Hispanic Heritage Month - Gabriela Quintero

Gabriela "Gabby" Quintero

Gabriela "Gabby" Quintero

I never really thought about how much celebrating Hispanic Heritage month would mean to me until I realized how important being a Latina is as a part of my identity. Growing up in a diverse area in New Jersey, I got to learn a lot about my Colombian and Bolivian cultures because of my family getting me into festivals, customs, traditions, food, music, dance, and more. I grew up with traditions that I thought were normal such as the Hispanic- State parades that I often attended and even have been part of, but now not being able to celebrate this at a predominantly white school has made me realize how much it is needed and how important it is. 

I am grateful for the school letting Arthur Garcia and me show our community a presentation about Hispanic Heritage month. We got the chance to show more about where we are both from and many other Hispanic and Latino cultures. We were able to inform about the reasons people choose to migrate to the US. Some of these reasons are so that they can live in freedom, practice their religion freely, escape poverty and oppression, find better employment opportunities, and for the most part, to make their lives better for themselves and their children. Arthur and I went into what our parents went through when they came to the US as an example. 

Arthur Garcia

Arthur Garcia

Hispanic Heritage month originally lasted for only a week, established by President Lyndon Johnson in 1968, and then was expanded to a month under President Reagan in 1988. Hispanics and Latinos have made many contributions to American Society. The economy is one of the major contributions. They not only play roles as business owners and investors, but also being family members, students, and members of the armed forces. We thought it was important to highlight which countries were being represented at our school.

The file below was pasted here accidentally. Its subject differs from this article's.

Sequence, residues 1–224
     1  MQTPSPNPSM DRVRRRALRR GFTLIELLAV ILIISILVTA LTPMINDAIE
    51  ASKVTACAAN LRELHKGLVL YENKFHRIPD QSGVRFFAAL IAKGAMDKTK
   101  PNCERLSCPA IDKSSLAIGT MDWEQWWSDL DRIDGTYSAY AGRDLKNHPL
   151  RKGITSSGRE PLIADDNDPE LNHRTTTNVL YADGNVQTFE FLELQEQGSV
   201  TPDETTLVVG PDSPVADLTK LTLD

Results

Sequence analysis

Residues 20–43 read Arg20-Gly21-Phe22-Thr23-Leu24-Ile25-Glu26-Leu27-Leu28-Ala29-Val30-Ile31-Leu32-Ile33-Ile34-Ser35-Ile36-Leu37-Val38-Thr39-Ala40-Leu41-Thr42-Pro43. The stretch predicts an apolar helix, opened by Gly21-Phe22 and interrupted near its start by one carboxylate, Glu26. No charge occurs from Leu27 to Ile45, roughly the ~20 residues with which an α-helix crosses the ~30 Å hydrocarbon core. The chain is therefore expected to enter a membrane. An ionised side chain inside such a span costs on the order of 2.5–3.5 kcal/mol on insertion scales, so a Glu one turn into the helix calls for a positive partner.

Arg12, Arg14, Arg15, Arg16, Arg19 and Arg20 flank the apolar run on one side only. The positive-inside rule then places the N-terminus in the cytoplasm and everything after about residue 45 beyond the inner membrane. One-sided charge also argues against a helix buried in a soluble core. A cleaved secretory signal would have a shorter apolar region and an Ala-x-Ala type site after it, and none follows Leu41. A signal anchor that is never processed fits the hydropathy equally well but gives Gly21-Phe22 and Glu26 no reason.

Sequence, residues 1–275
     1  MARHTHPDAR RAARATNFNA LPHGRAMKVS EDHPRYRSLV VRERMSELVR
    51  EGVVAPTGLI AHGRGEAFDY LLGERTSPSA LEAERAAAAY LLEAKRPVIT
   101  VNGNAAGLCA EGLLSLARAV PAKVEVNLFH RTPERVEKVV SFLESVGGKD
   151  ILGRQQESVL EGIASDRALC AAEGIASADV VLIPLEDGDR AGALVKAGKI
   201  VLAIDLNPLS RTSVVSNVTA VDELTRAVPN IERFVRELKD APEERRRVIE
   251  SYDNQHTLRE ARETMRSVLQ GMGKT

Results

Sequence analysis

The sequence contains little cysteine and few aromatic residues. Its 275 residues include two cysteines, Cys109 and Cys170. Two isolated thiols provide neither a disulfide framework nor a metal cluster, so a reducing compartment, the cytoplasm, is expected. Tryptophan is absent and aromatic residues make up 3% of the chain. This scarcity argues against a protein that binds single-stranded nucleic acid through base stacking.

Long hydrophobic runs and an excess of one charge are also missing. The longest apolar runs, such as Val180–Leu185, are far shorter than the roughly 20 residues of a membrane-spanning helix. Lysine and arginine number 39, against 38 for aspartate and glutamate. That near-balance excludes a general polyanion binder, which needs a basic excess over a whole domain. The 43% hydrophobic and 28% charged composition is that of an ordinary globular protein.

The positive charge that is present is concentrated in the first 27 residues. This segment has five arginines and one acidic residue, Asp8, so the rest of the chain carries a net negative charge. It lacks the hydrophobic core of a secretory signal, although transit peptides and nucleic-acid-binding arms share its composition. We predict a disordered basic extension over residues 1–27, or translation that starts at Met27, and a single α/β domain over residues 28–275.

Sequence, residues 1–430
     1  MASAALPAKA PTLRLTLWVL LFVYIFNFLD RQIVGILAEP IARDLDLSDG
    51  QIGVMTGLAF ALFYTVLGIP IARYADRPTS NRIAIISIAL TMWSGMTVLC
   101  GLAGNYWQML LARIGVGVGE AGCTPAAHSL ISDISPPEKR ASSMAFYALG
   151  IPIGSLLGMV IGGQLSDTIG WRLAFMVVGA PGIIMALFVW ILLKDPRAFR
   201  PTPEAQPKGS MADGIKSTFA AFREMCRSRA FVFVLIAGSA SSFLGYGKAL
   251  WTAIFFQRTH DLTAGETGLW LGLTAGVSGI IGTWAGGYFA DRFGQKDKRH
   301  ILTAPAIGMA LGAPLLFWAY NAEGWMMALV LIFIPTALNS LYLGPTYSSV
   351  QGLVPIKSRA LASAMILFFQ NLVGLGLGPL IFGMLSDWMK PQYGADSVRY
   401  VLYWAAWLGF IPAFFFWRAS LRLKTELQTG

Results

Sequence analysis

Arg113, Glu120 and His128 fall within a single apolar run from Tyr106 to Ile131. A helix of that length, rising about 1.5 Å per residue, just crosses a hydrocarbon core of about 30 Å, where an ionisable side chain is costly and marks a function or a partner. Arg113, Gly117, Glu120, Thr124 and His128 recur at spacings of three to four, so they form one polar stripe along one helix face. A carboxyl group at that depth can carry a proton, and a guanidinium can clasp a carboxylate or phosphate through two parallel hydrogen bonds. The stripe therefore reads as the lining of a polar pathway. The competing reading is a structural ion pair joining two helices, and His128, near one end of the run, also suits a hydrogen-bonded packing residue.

With this, we decided to explain the difference between Hispanics and Latinos, which people often get confused or are just unaware of the difference. Hispanics are people who come from a Spanish speaking country, and Latinos are based off of the more geographical definition of coming from the South American region. The Hispanic staff at Dublin shared their opinions about Hispanic Heritage month as well. 

In the end, we recognized that it is so important to celebrate Hispanic heritage and cultures because it is important to celebrate all of our differences because it is what makes us such a beautiful and diverse nation. Celebrating our culture and heritage reminds us of where we come from and helps us value our families, the struggles they went through, and how valuable our contributions have been and will continue to be to improve our society.